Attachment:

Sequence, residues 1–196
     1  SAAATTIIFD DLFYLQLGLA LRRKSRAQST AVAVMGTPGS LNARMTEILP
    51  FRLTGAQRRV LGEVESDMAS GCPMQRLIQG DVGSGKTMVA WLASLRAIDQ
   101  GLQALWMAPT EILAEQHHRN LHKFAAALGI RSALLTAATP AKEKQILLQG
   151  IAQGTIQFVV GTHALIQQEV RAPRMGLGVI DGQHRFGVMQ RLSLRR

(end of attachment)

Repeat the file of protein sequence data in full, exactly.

Sequence, residues 1–196
     1  SAAATTIIFD DLFYLQLGLA LRRKSRAQST AVAVMGTPGS LNARMTEILP
    51  FRLTGAQRRV LGEVESDMAS GCPMQRLIQG DVGSGKTMVA WLASLRAIDQ
   101  GLQALWMAPT EILAEQHHRN LHKFAAALGI RSALLTAATP AKEKQILLQG
   151  IAQGTIQFVV GTHALIQQEV RAPRMGLGVI DGQHRFGVMQ RLSLRR